In high school, my mom brought me to a psychiatrist because I punched a hole in the wall. They gave me a 10 question questionairre and speaking to my mom for 15 minutes they decided I was bipolar and gave me a cocktail of 3 powerful psychoactive medications including a high dose of wellbutrin, an anticonvulsant with off the label use for depression (Lamictal), and an antipsychotic (risperdall). These drugs totally zombied me out and stunted my social development, but I was 'easier to get along with at home'. The problem wasn't my head it the crazy home environment that none of the psychiatrists bothered to ask about.

These medications are dolled out way to quickly.


#173

I agree with you. It happens way too often.

I used to teach and I saw kids whose parents drugged them like yours to make them easier to handle. A few kids REALLY needed the meds and were totally better people when on them, but the majority were just being zombied out.

I also worked for child-protective services in Texas. I'd say 80% of my case load were medicated. Foster parents get more money for "difficult" kids, so they had incentive to keep them diagnosed and medicated. Due to their chaotic upbringing and abuse, a lot of them needed the drugs, some of them VERY badly needed the drugs, but a lot of them were just being doped for the money or to make it easier for the foster parents to handle a houseful of emotionally scarred kids.

Hell, the first shrink I went to gave me a questionnaire that had to have been written by the makers of Adderall and then wrote me a prescription for Adderall. I was in his actual office less than 7 minutes. I never filled the prescription because I knew enough to know that wasn't going to fix what I had. I was working my way up into a pretty good manic phase at the time, jittery with forced speech and all, and he just wrote it off as adult ADD without asking about anything else. Looking back, I wish I had gone back and kicked the dude in the nuts. I did call the Texas Medical Board and complain, but I'm sure nothing came of it.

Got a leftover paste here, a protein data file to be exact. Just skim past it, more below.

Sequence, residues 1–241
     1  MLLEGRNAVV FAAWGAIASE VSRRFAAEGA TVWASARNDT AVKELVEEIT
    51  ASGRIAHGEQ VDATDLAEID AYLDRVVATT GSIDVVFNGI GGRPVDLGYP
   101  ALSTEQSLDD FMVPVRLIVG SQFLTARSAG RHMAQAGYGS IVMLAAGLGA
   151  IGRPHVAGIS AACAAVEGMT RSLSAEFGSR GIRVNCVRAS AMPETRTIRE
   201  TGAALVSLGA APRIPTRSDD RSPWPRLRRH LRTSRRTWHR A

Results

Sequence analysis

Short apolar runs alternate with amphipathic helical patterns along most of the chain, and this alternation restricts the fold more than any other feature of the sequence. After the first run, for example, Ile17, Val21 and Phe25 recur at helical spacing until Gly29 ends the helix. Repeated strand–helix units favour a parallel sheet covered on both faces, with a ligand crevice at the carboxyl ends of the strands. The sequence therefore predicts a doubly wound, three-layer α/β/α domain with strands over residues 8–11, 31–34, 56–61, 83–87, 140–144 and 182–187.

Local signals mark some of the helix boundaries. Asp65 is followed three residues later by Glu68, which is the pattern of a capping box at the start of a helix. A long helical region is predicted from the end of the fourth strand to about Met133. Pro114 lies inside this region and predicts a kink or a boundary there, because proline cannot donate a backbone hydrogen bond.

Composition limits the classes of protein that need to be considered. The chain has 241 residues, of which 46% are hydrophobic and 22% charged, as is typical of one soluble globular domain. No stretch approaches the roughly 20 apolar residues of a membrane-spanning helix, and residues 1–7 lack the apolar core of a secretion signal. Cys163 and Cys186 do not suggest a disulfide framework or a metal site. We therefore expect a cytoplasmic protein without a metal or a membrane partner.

It took three shrinks before I found one that I thought was listening to me and understood what my issues were. There isn't a doubt in my mind that I would be dead now if I hadn't kept looking for a good one.

With all that said, what happened to you sucks, what happens to many kids today sucks total ass, but it doesn't have anything to do with true depression. You can't "happy-happy joy-joy" your way out of clinical depression.

Side note:

I've been on that exact combination of drugs. I no longer take lamictal, but I still take welbutrin daily and use risperdall to sleep when I'm starting to swing into a manic phase. That shit knocks me out cold within an hour, without the good, potentially addictive feelings I get from easily abused-by-me Ambien. I really am sorry that they put you on that shit as a teen.


#174

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#175

Now I do actually have ADD and mild depression, but the bipolar deal was decided simply because my dad had it. And his case was very very unusual because the onset was in his 40s.

Both the ADD and depression are being handled very well with ginkgo biloba, panax ginseng, and a little caffeine through the day never exceeding 500mg in one day and depending on how much I need to do. Usually 0-250mg. I just need a subtler approach chemically and had to work out some self-defeating attitudes.

Now I'm fully aware that some people do need a high dose cocktail, but the decision should be last resort and not made lightly. Anyone been around a schizophrenic bipolar (brother's ex)!? It ain't pretty and there's only so much behavioral modification will do with that!


#176

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#177

Maybe it was separate diagnosis by different doctors. Can't say that I want to contact the woman to clarify lol.


#178

Schizoaffective disorder?, i know people who have been Dx with everything from axis 1 to axis 2 disorders.

Bi-polar sometimes is a more acceptable term for some people from particular social classes, the increase in the amount of people with the Dx of bi-polar has been incedible in the last decade


#179

nope, common practice.


#180